Almost half (43%) of respondents believe that the government’s fit note is not helping staff to return to work, according to research by manufacturers’ organisation EEF and Jelf Employee Benefits.
The study, which surveyed 345 employers, also found that less than a quarter (22%) of respondents think that the fit note has enabled staff to return to work earlier. This is down from 24% in 2010.
Further findings include:
- 47% of respndents say that advice given by GPs about employees’ fitness to work has not improved, while 17% agree that it has improved.
- Around a quarter (26%) of respondents did not receive any ‘may be fit for work’ fit notes in 2014, an improvement on 35% in 2010.
- Just 41% of respondents say they are able to make all the required workplace adjustments for employees given ‘may be fit for work’ fit notes. Less than one in ten (8%) of respondents say they are unable to make any adjustments.
The fit note system was introduced in 2010.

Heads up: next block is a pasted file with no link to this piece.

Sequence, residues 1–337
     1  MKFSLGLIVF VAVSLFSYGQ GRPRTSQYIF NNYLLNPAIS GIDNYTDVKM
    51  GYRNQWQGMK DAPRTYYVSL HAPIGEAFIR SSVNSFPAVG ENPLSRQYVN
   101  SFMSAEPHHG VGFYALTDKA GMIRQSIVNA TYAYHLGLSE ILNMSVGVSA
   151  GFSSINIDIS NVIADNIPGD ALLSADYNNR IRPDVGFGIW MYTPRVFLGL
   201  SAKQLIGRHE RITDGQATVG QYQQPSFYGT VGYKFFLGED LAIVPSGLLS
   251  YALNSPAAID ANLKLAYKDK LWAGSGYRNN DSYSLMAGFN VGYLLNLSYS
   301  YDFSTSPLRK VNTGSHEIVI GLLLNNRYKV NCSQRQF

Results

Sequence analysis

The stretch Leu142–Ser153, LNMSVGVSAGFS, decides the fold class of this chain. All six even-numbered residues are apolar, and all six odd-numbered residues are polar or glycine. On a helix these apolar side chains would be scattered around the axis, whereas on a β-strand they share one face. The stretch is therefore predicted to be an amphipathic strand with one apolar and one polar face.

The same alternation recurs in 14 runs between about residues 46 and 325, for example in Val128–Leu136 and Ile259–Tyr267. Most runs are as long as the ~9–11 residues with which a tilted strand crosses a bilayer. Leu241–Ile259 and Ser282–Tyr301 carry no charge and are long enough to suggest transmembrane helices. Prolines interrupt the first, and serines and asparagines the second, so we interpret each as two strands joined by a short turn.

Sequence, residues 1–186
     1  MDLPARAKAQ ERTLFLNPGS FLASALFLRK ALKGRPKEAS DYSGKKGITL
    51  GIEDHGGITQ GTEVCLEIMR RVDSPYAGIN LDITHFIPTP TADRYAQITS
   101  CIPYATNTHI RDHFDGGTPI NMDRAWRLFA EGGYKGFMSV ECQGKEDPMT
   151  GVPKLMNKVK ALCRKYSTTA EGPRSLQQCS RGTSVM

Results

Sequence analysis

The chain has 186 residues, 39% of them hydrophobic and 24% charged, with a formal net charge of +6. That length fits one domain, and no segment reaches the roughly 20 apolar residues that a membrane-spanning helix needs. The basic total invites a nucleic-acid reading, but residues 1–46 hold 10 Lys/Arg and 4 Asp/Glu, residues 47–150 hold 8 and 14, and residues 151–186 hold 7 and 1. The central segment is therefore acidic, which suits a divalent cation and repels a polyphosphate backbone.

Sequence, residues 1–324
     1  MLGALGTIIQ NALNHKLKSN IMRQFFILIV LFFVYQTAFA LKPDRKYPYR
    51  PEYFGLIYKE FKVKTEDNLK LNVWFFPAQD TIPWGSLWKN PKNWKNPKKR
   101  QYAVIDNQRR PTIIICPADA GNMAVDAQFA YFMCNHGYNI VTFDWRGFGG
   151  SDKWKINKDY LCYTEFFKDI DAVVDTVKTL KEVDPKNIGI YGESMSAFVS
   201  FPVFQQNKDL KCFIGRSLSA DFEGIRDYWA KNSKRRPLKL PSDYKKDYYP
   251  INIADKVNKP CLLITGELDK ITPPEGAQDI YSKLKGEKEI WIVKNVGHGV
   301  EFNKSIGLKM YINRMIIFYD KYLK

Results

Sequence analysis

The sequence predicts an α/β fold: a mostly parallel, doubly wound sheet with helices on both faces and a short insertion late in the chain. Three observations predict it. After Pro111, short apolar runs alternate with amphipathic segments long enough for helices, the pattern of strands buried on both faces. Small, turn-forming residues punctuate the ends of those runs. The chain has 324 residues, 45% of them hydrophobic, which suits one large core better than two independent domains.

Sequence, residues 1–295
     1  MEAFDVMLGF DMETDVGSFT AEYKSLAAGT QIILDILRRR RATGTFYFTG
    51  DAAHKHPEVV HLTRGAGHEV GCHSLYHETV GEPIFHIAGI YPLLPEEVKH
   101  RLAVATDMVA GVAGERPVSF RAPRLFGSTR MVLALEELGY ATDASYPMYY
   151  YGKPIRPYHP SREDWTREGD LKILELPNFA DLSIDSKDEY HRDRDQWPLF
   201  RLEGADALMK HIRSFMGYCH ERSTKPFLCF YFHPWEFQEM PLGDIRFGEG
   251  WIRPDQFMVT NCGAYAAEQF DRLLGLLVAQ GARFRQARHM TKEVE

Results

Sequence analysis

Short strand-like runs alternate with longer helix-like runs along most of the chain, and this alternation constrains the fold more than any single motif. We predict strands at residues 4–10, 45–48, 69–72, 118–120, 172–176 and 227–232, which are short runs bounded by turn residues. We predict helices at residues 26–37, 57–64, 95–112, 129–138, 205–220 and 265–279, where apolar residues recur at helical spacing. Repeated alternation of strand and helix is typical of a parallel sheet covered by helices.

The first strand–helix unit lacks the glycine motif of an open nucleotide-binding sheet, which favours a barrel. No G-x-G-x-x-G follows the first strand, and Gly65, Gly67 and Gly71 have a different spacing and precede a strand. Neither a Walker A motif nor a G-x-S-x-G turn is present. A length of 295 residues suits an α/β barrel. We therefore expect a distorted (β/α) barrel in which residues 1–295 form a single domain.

Terry Woolmer, head of health and safety at EEF, said: “We have supported the fit note since day one and wanted it to succeed. However, the evidence is now clear five years on that it’s not delivering on helping people back to work earlier.
“In fact, the evidence suggests that the quality of advice being given by GPs to help people back to work is deteriorating.
“It can still be made to work but government now needs to put its shoulder to the wheel with greater resources.
“The first step must be to ensure that all GPs and hospital doctors are trained in health and work issues so they feel confident in giving proper advice.
“Without this as a basis there is little prospect of the fit note ever delivering genuine improvement in return-to-work performance and absence reduction.”